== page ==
The Jury Selection Act ("Act"), 28 U.S.C. § 1861 et seq., states: "It is the policy of the United States that all litigants in Federal courts entitled to trial by jury shall have the right to grand and petit juries selected at random from a fair cross section of the community in the district or division wherein the court convenes." Id. § 1861.

In criminal cases, before the voir dire examination begins, or within seven days after the defendant discovered or could have discovered, by the exercise of diligence, the grounds therefor, whichever is earlier, the defendant may move to dismiss the indictment or stay the proceedings against him on the ground of substantial failure to comply with the provisions of [the Act] in selecting the grand or petit jury.

Id. § 1867(a). Defendant seeks to inspect juror hardship questionnaires from other cases, so that he may challenge the use of a prescreening hardship questionnaire, rather than in-court voir dire, to excuse *178 jurors who are unable to commit to a lengthy trial due to undue hardship.

Upon motion filed under 28 U.S.C. § 1867(a), the moving party shall be entitled to present in support of such motion "any relevant records and papers not public or otherwise available used by the jury commissioner or clerk, and any other relevant evidence." Id. § 1867(d). The contents of records or papers used by the jury commissioner or clerk in connection with the jury selection process shall not be disclosed, except as may be necessary in the preparation or presentation of such a motion. Id. § 1867(f). A litigant has an unqualified right to inspection of relevant materials used in jury selection, during the preparation and pendency of a motion challenging the selection procedures. Test v. United States, 420 U.S. 28, 30, 95 S. Ct. 749, 750, 42 L. Ed. 2d 786 (1975); United States v. Layton, 519 F. Supp. 946, 958-59 (N.D.Cal.1981). Nevertheless, this is the first time the court has been faced with this type of request.

Defendant does not challenge the court's discretion to excuse prospective jurors based on undue hardship. This discretion is provided for in the Act. See 28 U.S.C. § 1866(c) (1). He merely seeks to show that the use of a prescreening device will exclude a discernible class of jurors that would not be excused based on in-court voir dire. Thus, defendant seeks to challenge the procedure in the abstract, not based on an effect it has had on his particular jury panel. The defendant would not have standing to complain about the excusal of jurors in other cases. See Layton, 519 F. Supp. at 956; accord, United States v. Bearden, 659 F.2d 590, 601 (11th Cir. 1981), cert. denied, 456 U.S. 936, 102 S. Ct. 1993, 72 L. Ed. 2d 456 (1982). Therefore, it is inappropriate to allow him to challenge a procedure unless it has been used to select his jurors and has, at least potentially, resulted in prejudice to the defendant. This court finds nothing in the Jury Selection Act that suggests that a criminal defendant may challenge minor aspects of proposed jury selection procedures in the abstract, before such procedures are used to select that defendant's grand or petit jury.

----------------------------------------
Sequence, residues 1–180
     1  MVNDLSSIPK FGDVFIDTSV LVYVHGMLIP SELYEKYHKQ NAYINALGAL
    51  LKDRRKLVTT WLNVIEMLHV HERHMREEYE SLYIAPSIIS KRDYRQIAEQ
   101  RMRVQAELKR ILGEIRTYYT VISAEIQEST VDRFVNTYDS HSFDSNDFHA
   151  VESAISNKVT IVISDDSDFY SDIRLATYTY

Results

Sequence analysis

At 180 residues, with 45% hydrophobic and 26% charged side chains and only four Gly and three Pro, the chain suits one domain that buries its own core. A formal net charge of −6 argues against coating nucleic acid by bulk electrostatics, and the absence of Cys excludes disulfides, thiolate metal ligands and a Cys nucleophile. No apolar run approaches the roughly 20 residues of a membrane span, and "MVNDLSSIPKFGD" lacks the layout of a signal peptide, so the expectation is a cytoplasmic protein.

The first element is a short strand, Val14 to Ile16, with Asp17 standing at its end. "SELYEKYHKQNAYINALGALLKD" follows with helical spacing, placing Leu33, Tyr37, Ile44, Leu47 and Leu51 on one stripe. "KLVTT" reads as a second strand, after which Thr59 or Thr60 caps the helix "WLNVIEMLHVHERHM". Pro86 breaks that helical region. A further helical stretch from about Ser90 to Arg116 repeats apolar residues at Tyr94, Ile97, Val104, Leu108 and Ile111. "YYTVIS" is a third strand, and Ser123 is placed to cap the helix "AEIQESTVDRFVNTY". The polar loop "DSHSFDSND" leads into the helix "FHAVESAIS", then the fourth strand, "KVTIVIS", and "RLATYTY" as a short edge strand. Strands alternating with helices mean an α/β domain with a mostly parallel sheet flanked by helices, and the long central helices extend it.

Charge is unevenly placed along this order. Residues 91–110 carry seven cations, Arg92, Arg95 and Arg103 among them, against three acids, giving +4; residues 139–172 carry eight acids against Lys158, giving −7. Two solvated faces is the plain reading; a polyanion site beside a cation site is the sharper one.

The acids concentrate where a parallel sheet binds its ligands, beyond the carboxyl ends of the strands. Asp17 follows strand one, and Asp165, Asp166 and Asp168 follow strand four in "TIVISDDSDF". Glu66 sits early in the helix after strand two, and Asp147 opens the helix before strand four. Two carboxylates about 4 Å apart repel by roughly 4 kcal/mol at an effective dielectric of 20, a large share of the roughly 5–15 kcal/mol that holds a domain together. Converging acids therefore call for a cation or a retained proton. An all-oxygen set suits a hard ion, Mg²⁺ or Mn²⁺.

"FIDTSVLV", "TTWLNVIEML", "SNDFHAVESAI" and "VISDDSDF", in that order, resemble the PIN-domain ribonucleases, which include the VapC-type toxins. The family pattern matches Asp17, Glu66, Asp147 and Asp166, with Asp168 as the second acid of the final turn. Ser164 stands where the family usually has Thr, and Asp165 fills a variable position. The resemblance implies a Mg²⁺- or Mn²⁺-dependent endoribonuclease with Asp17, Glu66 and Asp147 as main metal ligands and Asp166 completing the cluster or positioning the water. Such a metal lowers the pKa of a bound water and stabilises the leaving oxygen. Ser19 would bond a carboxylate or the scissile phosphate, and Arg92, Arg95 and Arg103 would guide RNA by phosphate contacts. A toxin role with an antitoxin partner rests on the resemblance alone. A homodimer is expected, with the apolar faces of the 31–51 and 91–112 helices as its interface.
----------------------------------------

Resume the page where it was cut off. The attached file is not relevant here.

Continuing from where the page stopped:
Moreover, since the excusal of jurors based on undue hardship is discretionary, the types and numbers of potential jurors excused by other judges in other cases will not have an impact on this court's ability to substantially comply with the requirement of a fairly representative jury. Counsel will have an opportunity to review and challenge any excusal that appears to have been granted without a sufficient showing of undue hardship. Therefore, counsel can prevent the excusal of a discernible class; and, if not satisfied, can challenge the jury panel once it has been selected.


This court denies the defendant's motion, without prejudice to the defendant's right to seek similar information relevant to the selection of his jury panel, once it has been selected.